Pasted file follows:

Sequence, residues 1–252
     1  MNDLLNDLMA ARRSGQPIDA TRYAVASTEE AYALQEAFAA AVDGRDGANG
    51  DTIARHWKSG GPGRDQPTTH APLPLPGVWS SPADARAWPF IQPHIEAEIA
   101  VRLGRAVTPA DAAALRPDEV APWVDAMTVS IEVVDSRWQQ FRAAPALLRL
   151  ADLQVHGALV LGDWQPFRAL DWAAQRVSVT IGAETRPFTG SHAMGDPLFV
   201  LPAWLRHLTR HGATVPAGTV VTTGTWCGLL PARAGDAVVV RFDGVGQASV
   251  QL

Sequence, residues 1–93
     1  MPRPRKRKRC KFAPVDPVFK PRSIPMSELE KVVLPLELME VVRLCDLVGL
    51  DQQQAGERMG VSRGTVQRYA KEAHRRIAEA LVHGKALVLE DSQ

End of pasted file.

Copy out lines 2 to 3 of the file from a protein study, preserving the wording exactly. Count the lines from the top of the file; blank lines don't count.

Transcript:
     1  MNDLLNDLMA ARRSGQPIDA TRYAVASTEE AYALQEAFAA AVDGRDGANG
    51  DTIARHWKSG GPGRDQPTTH APLPLPGVWS SPADARAWPF IQPHIEAEIA